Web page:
Wednesday, May 02, 2007

The Enlightened One and the Trickster.

"He tries to trick you. I try to enlighten you. Which is the more noble pursuit?"

Thus spoke the fictional Crown Prince Leopold in The Illusionist, shortly before he was effectively humiliated by the 'trickster' in front of his entire court of assembled nobility. Shortly before he announced that "everything can and will be explained; all mysteries penetrated". And in response to the the original quote, the trickster makes an expansive gesture and, with barely-concealed sarcasm, asks "may we have the lights please, so his Highness can better see". The whole scene is very funny, if only because of the verbal exchange between Trickster and Crown Prince, which is in truth a battle of wits and power; and the only time the two face each other in such an open manner, with the remainder playing out behind the scenes and through intermediaries.

I must offer, by way of disclosure before what follows, that, of course, my august namesake 'Till [real surname unknown] Eulenspiegel' (English, German reference) was also a trickster, albeit not of the 'magician' type, and that therefore I am disinclined to agree with the claim that 'enlightenment' is more 'noble'—that is, a property attributed to some kind of ethical, moral or or social elite or nobility—than 'tricking'; and especially if the claim is accompanied by such extravagant assertions about the penetrability of 'all mysteries' as preceded it. The point was, in due course, driven home later in the film when Eisenheim confessed to having seen 'remarkable things' but the only 'real mystery' was one having to do with something inside himself—a point Leopold would have utterly incapable of understanding, specifically and generally.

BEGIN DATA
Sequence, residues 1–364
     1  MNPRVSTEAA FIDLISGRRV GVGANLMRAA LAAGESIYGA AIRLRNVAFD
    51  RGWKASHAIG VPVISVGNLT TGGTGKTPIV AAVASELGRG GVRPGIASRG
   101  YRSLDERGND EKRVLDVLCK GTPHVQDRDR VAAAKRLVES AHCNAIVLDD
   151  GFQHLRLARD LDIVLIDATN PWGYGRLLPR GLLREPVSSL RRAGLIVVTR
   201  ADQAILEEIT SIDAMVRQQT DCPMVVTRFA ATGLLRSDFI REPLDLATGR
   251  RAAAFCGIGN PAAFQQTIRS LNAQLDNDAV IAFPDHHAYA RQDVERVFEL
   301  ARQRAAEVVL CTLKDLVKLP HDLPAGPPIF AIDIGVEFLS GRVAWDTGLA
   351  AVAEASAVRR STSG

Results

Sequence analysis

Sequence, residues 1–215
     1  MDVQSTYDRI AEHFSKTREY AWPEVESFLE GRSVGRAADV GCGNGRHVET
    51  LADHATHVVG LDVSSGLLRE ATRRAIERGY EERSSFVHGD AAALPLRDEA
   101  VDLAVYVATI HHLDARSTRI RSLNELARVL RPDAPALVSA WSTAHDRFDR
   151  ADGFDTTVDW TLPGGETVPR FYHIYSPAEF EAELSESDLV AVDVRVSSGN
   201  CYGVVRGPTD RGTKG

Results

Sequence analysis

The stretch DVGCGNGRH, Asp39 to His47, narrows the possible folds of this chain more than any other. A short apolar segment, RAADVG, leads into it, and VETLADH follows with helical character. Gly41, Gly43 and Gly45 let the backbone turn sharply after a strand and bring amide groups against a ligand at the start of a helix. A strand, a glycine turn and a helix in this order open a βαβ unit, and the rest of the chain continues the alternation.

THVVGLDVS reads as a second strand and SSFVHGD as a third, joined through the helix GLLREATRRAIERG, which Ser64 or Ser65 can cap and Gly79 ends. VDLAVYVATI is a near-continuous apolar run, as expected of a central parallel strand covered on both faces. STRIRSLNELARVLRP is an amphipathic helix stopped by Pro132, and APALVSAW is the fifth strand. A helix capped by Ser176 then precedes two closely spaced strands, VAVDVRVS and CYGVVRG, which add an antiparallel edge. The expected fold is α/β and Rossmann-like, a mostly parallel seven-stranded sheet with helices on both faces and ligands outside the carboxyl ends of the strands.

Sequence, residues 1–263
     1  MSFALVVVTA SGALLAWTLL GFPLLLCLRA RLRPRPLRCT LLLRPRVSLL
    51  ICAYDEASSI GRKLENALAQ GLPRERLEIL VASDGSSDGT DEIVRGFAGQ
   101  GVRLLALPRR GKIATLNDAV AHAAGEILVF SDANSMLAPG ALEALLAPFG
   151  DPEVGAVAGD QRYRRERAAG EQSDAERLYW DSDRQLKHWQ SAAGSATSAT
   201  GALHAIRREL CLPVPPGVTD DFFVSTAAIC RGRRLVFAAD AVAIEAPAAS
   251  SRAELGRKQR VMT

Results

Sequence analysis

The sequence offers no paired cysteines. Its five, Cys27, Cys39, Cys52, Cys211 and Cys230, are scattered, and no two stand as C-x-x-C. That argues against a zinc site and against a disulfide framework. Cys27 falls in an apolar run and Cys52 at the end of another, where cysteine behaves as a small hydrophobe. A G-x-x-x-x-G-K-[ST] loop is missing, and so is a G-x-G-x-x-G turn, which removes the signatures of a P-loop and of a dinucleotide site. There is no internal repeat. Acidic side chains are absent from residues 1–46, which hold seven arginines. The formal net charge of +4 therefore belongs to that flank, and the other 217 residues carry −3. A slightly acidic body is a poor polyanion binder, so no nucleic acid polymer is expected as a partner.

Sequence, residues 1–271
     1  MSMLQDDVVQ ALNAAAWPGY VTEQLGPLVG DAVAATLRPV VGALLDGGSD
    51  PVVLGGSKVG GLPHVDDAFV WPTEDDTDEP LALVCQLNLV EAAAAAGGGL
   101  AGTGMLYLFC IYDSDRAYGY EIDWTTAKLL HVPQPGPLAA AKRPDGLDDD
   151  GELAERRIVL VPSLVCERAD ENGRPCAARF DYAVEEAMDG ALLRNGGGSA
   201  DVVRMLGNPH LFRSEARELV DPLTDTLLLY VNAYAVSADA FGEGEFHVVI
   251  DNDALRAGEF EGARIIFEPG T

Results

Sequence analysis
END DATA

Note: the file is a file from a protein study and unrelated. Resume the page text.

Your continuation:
It is a property of 'nobility' that those who consider themselves 'noble' are by and large deluded—as, may I add, are those who think that nobility of the social kind is correlated in any way with nobility of body, mind or spirit. Indeed, the 'nobility' attributed to the 'character' of a person—inferred, as is the only way possible, by his or her actions—tends to be almost completely independent of social status per se.